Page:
But all that said appart. The more logical switch to make from any camera brand, if anyone would want Nikon’s image quality, or so, without risking too much, would certainly be Sony’s mirrorless. As the sensors are about the same as Nikon’s, and as you can still use your former brand’s glasses. IMO.

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    • adam sanford

      Jeremy, sure — if we’re going to build our 5D4 wish list, here’s mine (from most to least important):

      * Better sensor (I’m happy at high ISO, I really just want more DR)
      * Wireless flash controller on-board (Stop laughing)
      * Spot metering at *ANY* AF point (to date, a 1-series exclusive feature)
      * Wider spread of AF points
      * The 7D2’s neato AF selector-knobby-thing
      * Interchangeable focusing screens for easier MF lens use
      * -3, -4 EV AF functionality (would be great for concerts)
      * More tune-able Auto-ISO (In Av use, min shutter could be dynamic based on the what focal length your zoom is *at that moment*)
      * The much better nicer in-viewfinder level from the 7D2
      * Illuminated buttons on the back

      More will hit me later, I’m sure…

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    • Anders Madsen

      I actually considered switching to Sony before deciding on Nikon, but found that using adapted lenses wasn’t all that practical – autofocus through the adapter was extremely slow, although very precise.

      So, for anyone considering this path, please be aware that it definitely has some rocks on it…

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    • Matthew Saville

      Ironically, a DPReview test concluded that in extremely negative EV’s, the D750 performed better than the 5D mk3 at off-center AF.

      Of course that’s not to say, I don’t scold Nikon often for lagging on putting cross-type AF points further out around the viewfinder. They really need to.

      Honestly if you ask me, there is still no camera that competes with Canon’s 1.3x crop flagship AF layout. Not only did the 1.3x crop put the AF points beautifully spread out, but there was a ring of cross type AF points all the way around the outer edge.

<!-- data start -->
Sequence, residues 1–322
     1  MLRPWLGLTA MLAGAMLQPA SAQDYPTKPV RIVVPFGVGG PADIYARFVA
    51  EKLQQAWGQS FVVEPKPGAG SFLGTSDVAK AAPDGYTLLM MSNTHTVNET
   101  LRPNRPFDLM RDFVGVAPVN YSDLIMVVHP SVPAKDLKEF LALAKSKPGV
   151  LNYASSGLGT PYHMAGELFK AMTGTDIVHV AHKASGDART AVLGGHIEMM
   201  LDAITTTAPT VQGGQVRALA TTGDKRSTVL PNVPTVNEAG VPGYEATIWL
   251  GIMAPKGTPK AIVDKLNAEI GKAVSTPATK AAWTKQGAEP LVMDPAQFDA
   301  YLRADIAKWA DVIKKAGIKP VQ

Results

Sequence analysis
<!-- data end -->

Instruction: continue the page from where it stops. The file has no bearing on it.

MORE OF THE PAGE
Nikon and Canon both need to spread out their AF points, and improve the off-center low-light reliability. Especially if they expect us to nail precise focus on these new tack-sharp f/1.4 Art primes on 36-50+ megapixel cameras. Oy…

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  9. Dennis Rogers

    Part II

    Because of some reviews out there, the above conclusion might confuse some readers. I’m particularly referring to Michael The Mentor’s Ultimate Shootout between the D750 and 5DIII on YouTube (though there are certainly many, many other reviews and comparisons). It’s an excellent review if you haven’t seen it, and if you are deciding between these two cameras, its’ a must see. Part of his review is a blind color portrait test/comparison between the cameras, and nearly everyone tends to prefer the colors from the D750.

    His test is valid but ended up not being relevant to me. Let me explain. I’ve always used Kelvin WB on the 5DIII except rare occasions when I use my ExpoDisc to do a custom WB. When I used the D750 on Kelvin, I didn’t like the colors at all. I eventually decided on Auto2 WB, as the D750 does an excellent job on Auto WB. Since I had never shot the 5DIII in Auto WB, when I compared the two, I came to the same conclusion as Michael The Mentor. The D750 does indeed have a better and more accurate Auto WB and I prefer it to the Auto WB on the Mark III. However, when I shoot the Canon the way I shoot the Canon (Kelvin only with occasional custom), the colors are consistently more pleasing to me than from the D750 in Auto or in Kelvin.